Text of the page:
That environment has helped me to fit in more easily and to feel as an equal member of the team very quickly.

Jelena Popovic Markopoulos works in the Commission for the Protection of Competition of the Republic of Serbia and is currently doing her doctorate studies on the Faculty of Economics in Belgrade. Jelena was an intern in the British Commission for the Protection of Competition in London for six weeks thanks to our Professional Development in the UK 2013/2014 programme. We organise this programme in partnership with the Republic of Serbia European Integration Office and with support from the British embassy in Belgrade.

Jelena told us her impressions after working in London for a few weeks.

Institution that I work for is independent organisation and it is in charge of the protection of competition i.e. the promotion of a competitive market environment for the good of the consumers, the business community and the economy as a whole. The area that it’s in charge of is one of the most important aspects in the process of Serbia’s accession to the EU. The regulation of this area is really important not only for Serbian companies, that are in for a difficult competition once we join the EU, but also for creating fertile ground in the legislative sense so that foreign investors can work under the same rules that they are used to.

What were your first impressions when you walked in a British institution for the first time?

The first impression is that everything functions perfectly. You know who is in charge of what at every moment. If it’s a procedure there is a very clear path, there are instructions for every possible kind of procedure being done, for every imaginable situation. The channels of communication are really clear, both inside the team and with third parties; you know exactly who is communicating with whom and about what.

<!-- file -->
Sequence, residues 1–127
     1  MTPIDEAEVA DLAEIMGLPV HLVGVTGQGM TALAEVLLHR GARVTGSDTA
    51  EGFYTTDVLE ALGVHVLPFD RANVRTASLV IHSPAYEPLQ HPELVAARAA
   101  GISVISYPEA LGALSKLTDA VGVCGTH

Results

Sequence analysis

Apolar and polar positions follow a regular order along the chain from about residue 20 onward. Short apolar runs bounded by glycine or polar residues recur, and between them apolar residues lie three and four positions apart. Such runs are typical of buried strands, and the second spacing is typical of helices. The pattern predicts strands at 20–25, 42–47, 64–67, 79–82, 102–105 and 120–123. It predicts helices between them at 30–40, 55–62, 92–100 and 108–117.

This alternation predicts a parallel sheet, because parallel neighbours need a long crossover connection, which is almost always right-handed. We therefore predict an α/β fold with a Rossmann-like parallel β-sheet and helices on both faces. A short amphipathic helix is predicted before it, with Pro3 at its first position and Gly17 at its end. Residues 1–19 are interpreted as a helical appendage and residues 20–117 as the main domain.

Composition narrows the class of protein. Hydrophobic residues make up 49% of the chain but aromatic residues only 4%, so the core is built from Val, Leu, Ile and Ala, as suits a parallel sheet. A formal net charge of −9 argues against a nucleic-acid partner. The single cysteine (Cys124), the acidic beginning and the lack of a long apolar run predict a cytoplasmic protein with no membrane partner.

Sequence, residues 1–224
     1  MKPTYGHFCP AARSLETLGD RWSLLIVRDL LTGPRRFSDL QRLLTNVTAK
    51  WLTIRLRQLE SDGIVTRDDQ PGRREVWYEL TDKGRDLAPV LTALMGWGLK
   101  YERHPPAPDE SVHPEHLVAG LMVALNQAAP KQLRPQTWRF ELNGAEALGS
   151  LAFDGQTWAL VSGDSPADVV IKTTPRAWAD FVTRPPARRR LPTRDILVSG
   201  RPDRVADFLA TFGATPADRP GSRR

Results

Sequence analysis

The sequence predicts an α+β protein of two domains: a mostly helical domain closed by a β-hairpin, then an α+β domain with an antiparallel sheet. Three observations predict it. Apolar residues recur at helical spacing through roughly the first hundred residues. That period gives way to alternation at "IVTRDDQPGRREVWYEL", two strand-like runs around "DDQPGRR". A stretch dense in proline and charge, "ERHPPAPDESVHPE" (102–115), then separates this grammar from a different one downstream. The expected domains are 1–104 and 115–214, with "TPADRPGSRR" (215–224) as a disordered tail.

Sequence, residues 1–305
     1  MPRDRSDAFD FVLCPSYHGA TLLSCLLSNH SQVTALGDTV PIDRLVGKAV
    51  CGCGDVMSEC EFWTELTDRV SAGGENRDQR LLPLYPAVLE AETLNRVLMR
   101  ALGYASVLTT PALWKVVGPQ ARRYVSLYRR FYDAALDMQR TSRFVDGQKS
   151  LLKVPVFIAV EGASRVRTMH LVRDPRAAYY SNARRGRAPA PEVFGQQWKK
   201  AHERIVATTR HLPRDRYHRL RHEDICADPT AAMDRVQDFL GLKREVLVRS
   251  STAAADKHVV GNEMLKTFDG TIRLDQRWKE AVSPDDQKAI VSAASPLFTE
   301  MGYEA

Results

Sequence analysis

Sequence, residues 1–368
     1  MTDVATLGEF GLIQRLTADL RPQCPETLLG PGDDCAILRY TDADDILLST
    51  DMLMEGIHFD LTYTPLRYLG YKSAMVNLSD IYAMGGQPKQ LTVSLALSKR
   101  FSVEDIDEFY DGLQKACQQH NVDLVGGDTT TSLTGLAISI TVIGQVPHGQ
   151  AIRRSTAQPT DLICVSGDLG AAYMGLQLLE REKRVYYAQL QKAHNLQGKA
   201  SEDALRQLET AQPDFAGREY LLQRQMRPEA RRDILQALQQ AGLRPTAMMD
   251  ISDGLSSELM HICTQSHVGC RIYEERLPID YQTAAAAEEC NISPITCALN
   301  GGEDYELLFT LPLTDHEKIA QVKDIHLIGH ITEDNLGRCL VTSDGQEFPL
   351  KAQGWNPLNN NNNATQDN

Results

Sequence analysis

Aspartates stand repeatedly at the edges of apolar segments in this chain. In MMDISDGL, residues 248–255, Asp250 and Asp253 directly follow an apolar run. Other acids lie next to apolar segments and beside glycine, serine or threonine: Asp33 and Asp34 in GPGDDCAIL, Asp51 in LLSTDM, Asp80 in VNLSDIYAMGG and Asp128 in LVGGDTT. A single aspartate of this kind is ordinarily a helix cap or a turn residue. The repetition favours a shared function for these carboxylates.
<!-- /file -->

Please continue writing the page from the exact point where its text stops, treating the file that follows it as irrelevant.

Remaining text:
The second impression is the cultural diversity of the environment, even at work. In the office I sit next to an Italian and across from a Spaniard. I really liked the international surrounding; I didn’t expect that although I knew that English people were the minority in London (laughter), and this surpassed all my expectations. Of course everyone at work speaks English, but far from it that everyone has to have a high level of knowledge. That environment has helped me fit in more easily and to feel as an equal member of the team very quickly.

How does your job here look like?

I work in a team of economists and from the very beginning I was given a supervisor with whom I spoke about what interests me, what I could learn etc… He let me identify what interests me the most and what will be useful for me back in Belgrade so that I could use my time here most productively.

Another big convenience that arises from working for a big institution, such as this one, is great opportunities for personal development in the form of seminars that are being organised in the Commission, but there are also many educational opportunities outside the institution. Even though I’ll be here only for a couple of weeks I am completely included into all the programmes – there are always some opportunities for development, we are constantly learning about new theoretical models that allow the employees to re-evaluate their attitudes, learn something new…

How much opportunity did you have to get acquainted with the city?

London is a great city. I’ve been here twice and I can’t really say that I was immediately thrilled by the city back then, but I think that after a few weeks I am slowly falling in love with London. I think it will be really hard to go back home (laughter). It’s just a city that offers everything, and all things function perfectly here. I like the whole environment, with a lot of foreigners, because it suits me the most.